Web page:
Ministerial Committee: Knesset Can Veto High Court Annulment Decrees

MK Shaked’s bill basically states that with a 61-seat majority, the Knesset will be able to undo High Court ruling if the justices strike down a law.

By Ido Ben Porat, Gil Ronen

 

The Ministerial Committee on Legislation approved on Sunday a bill submitted by MK Ayelet Shaked (Jewish Home) that would enable the Knesset to override a High Court decision to strike down a law it had previously legislated.

The bill would add a clause to the Basic Law: Human Dignity and Freedom, allowing the re-legislation of laws annulled by the High Court, with a 61-seat majority. The clause would be added to the Basic Law as a temporary order for a period of four years.

Immediately following the decision by the Ministerial Committee, which decides which bills will receive the coalition’s support, Justice Minister Tzipi Livni – who is the committee’s chairman – filed an appeal against it. This means that the legislation process will be frozen until the entire government discusses the bill and approves it.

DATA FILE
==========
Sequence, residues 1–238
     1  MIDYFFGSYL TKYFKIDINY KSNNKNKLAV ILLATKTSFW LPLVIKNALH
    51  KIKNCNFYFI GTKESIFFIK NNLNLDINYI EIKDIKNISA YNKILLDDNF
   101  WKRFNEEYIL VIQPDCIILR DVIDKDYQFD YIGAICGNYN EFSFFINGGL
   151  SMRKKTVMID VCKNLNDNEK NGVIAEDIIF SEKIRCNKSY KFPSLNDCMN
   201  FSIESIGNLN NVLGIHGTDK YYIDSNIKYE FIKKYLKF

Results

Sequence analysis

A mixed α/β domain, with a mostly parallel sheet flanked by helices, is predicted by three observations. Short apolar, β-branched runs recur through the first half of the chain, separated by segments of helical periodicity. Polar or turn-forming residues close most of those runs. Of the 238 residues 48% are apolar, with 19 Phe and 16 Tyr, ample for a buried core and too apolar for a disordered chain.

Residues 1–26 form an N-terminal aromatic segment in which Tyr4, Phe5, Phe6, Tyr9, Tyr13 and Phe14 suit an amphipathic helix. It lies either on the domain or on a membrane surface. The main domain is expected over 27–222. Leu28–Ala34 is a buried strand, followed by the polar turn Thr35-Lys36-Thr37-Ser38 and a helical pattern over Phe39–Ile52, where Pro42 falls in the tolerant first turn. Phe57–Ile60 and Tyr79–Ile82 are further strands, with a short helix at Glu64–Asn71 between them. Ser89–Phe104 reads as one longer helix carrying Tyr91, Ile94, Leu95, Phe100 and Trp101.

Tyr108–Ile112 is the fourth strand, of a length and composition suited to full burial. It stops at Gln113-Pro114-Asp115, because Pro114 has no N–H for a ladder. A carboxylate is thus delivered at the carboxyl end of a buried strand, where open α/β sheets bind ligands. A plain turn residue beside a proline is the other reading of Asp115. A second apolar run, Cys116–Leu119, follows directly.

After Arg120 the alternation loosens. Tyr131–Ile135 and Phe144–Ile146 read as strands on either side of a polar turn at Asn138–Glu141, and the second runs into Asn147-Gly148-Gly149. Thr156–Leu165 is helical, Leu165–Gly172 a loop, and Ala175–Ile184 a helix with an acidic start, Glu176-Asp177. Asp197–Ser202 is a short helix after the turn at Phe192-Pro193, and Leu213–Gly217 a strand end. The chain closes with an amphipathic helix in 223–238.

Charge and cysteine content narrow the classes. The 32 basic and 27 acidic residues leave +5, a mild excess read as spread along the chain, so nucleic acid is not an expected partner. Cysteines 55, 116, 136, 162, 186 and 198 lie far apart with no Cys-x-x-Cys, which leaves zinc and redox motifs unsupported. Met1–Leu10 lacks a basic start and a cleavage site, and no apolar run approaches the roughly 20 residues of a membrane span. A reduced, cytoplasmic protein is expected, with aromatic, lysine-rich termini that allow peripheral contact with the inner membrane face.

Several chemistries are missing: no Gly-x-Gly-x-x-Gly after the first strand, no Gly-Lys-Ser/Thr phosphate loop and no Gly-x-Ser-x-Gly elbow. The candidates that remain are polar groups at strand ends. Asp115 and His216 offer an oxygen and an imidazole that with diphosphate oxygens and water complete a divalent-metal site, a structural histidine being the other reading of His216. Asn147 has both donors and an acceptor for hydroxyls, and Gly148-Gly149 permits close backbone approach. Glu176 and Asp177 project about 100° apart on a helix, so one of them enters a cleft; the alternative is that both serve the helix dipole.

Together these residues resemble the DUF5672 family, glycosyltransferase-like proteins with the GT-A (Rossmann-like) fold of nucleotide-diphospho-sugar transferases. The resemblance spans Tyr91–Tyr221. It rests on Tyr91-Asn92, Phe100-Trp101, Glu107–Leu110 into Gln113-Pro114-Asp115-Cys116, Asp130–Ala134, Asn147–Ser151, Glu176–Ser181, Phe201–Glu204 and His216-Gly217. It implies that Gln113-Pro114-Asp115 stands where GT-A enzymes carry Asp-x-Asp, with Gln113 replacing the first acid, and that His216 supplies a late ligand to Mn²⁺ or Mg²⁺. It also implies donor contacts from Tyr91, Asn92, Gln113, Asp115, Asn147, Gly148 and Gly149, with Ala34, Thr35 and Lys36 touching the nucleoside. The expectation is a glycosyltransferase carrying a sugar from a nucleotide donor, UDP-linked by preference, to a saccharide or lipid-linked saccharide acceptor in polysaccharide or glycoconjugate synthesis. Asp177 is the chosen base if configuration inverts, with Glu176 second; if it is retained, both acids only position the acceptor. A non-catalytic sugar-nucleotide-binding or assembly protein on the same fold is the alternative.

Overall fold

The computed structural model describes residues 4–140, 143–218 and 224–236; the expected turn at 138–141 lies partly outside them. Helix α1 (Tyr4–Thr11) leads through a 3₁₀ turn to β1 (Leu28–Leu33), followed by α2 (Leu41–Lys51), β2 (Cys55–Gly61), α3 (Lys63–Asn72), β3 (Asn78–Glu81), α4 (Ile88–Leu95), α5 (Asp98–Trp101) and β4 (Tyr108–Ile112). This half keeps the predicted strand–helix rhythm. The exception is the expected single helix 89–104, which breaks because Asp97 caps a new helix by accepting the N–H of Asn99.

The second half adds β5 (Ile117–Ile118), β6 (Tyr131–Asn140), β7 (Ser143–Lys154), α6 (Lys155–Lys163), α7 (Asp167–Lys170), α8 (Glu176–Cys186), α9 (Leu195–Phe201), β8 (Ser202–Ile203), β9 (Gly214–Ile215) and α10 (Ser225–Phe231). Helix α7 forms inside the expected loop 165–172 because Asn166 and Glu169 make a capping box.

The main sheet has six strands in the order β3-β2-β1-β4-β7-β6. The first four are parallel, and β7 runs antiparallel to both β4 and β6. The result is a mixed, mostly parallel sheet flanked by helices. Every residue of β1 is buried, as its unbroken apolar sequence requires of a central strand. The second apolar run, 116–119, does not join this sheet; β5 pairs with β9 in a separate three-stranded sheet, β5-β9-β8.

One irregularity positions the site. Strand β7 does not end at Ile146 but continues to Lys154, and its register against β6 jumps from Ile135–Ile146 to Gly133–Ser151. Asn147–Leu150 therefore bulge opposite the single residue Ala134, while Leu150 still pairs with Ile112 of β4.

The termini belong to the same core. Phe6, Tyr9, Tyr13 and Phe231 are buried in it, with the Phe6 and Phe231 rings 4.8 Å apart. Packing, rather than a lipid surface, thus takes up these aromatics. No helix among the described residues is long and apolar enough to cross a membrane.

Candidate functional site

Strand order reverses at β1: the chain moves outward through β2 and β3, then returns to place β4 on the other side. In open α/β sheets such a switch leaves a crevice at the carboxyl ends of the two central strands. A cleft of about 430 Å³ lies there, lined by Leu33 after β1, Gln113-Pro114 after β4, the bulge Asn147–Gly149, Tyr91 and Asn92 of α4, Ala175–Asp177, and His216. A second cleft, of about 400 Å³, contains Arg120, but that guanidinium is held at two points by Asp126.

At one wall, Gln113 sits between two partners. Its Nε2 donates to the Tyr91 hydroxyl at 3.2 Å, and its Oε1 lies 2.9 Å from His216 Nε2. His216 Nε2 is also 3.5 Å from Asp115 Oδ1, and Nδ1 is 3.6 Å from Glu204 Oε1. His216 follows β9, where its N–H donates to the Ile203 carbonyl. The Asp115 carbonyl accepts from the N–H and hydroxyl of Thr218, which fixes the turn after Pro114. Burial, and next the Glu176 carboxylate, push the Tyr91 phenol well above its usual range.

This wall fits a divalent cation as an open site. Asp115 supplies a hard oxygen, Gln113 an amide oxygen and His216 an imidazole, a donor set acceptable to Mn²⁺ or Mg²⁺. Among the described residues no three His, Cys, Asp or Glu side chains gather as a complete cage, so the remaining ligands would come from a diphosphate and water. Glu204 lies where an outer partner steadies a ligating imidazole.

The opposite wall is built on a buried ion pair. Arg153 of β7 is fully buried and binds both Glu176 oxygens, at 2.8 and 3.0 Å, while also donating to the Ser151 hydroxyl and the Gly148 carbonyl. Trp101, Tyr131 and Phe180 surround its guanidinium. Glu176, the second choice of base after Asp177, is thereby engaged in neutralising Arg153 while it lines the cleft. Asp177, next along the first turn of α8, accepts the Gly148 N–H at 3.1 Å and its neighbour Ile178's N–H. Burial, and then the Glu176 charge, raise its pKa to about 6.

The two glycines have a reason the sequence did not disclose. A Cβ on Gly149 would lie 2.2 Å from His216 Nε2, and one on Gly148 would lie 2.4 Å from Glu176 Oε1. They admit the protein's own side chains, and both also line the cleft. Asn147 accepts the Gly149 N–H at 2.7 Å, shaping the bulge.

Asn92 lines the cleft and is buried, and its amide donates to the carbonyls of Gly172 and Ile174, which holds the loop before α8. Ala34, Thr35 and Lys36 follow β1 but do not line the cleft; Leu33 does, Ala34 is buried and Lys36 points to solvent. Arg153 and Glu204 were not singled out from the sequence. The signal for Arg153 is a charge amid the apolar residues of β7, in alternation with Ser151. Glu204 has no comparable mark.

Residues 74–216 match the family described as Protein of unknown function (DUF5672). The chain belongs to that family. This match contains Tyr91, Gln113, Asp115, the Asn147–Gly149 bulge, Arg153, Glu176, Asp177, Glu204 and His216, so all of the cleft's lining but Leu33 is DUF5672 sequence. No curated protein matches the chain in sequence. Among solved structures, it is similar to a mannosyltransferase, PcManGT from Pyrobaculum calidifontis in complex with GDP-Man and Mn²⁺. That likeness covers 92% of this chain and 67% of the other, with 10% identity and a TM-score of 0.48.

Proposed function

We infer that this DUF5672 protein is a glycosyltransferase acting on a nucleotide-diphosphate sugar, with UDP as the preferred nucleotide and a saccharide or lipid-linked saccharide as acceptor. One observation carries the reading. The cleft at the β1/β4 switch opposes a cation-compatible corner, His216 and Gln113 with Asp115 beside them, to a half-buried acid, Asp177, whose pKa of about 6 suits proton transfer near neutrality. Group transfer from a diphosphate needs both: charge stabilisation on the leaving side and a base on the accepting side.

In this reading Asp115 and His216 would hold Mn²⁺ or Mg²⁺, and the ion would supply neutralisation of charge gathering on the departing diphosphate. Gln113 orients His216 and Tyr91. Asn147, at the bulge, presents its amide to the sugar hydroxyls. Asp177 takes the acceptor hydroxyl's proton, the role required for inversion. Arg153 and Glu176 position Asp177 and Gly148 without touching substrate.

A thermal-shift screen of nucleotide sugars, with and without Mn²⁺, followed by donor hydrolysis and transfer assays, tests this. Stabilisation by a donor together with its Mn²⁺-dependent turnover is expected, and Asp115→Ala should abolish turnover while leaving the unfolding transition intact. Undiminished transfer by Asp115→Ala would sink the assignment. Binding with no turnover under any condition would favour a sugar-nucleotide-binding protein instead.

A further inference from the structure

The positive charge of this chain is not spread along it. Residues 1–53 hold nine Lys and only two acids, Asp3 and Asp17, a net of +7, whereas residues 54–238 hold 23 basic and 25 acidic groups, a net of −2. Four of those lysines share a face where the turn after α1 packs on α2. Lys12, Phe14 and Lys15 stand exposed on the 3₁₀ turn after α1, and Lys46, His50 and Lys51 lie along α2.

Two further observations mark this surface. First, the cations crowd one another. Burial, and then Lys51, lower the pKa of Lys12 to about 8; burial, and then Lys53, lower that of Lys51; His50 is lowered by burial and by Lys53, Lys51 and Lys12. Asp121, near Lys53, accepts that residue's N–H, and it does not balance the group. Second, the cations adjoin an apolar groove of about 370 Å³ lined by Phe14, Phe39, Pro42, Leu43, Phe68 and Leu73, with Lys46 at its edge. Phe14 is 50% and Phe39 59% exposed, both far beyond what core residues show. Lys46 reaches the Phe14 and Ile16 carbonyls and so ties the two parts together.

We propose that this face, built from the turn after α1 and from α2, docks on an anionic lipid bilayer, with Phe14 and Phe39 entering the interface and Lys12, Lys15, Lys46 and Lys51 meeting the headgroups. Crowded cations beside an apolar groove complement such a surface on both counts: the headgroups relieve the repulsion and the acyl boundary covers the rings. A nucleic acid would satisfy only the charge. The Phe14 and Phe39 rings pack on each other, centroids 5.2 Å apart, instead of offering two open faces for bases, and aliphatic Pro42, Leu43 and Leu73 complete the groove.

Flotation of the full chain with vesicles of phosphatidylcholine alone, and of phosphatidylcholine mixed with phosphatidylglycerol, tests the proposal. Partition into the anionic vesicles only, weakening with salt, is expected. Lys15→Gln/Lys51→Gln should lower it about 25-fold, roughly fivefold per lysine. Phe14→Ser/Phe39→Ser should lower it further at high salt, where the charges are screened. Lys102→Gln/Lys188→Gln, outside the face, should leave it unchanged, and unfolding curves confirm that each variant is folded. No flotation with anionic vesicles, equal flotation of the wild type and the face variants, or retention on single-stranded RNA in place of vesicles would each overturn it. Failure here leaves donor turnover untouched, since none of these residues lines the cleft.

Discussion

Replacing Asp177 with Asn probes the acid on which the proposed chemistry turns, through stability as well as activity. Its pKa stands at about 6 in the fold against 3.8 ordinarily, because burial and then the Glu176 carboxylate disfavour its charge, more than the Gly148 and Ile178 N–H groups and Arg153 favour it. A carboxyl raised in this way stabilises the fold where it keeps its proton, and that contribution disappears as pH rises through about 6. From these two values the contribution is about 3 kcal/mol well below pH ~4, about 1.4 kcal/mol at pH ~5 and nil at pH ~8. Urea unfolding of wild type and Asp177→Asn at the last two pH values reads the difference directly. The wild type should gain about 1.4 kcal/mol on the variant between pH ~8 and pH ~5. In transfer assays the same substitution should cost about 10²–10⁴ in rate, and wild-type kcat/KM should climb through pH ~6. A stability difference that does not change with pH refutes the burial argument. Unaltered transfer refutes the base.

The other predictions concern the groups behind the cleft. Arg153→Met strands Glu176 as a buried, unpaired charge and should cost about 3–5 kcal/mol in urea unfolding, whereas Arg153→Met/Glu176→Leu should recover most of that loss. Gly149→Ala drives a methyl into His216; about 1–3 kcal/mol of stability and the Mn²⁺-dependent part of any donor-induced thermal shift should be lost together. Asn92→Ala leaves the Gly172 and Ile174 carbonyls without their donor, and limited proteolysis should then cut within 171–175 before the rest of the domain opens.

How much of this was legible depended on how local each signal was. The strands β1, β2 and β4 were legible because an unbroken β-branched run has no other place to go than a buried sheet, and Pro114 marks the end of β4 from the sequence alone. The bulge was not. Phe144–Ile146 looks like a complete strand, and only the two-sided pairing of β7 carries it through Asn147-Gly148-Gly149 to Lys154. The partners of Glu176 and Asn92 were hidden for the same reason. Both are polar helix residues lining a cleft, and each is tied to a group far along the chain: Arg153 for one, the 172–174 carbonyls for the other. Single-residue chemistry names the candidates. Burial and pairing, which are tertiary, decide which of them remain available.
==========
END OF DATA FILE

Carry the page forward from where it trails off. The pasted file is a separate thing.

The bill was submitted in the wake of the High Court decision to strike down the Infiltrators’ Law, which the Knesset passed in order to combat the flood of illegal immigrants that has plagued working-class neighborhoods. MK Shaked noted that in writing the minority opinion in the decision, Supreme Court President Asher Grunis implored his fellow judges not to create a crisis with the government and Knesset “by taking the reins of legislation into their hands.”

Shaked opined that “if there is a substantial disagreement between appointed judges and elected officials, on whether a certain law is appropriate for the country’s values or not, and whether it is proportional or not, it is proper that the values of the public will decide and have precedence.”

Economics Minister Naftali Bennett (Jewish Home) praised the committee’s decision and said that “The Knesset and the government are the sovereign power in Israel, and MK Shaked’s bill brings back the principle of separation of authorities from the civics lessons to reality.

Allowing African infiltrators to enter Israel freely is “dangerous for security as well as democracy,” Bennett added.

Minister Uri Orbach, also of Jewish Home, said that “a bad law by a legislator is better than a good law by a judge, only because [the legislator] is an elected official and is sovereign.”

 

View original Arutz Sheva publication at: http://www.israelnationalnews.com/News/News.aspx/186619#.VE1kbcmLUYA

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